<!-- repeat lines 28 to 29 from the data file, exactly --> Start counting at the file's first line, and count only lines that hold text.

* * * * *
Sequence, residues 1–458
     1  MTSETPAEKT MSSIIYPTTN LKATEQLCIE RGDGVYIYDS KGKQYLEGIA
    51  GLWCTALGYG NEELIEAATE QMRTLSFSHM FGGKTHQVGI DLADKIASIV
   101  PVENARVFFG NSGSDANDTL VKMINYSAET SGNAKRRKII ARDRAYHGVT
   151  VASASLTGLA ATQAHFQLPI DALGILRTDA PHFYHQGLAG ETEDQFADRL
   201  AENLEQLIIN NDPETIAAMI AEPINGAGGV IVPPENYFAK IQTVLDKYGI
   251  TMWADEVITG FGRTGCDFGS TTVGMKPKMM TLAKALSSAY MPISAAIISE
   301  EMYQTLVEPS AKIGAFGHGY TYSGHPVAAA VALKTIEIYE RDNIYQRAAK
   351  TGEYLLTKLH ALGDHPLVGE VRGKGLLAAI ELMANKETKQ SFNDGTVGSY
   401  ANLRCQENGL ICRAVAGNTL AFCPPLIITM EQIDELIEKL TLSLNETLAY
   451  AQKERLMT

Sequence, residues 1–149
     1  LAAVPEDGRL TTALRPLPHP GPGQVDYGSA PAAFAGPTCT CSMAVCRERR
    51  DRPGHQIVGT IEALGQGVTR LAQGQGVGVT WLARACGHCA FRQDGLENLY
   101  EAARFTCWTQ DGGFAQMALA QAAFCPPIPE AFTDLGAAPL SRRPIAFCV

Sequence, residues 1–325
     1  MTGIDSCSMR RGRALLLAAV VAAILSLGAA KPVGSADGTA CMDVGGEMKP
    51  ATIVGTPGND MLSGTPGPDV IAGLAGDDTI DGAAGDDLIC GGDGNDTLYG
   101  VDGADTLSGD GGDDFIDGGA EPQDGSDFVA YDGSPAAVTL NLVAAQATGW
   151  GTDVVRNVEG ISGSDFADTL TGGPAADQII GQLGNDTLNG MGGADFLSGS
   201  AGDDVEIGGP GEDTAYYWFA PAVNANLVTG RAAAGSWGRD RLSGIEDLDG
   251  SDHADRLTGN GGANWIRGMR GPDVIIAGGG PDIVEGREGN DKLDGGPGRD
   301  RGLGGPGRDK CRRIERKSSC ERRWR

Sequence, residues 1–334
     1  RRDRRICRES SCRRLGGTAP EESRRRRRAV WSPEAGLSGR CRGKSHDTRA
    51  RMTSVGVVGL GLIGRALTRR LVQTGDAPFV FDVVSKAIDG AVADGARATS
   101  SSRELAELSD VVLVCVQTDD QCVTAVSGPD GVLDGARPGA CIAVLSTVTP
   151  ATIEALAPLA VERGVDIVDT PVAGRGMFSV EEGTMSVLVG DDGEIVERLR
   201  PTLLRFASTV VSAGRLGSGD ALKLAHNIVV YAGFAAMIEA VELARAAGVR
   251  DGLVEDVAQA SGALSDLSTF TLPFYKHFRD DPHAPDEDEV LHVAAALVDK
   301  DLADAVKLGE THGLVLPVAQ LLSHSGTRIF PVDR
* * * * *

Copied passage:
   151  ATIEALAPLA VERGVDIVDT PVAGRGMFSV EEGTMSVLVG DDGEIVERLR
   201  PTLLRFASTV VSAGRLGSGD ALKLAHNIVV YAGFAAMIEA VELARAAGVR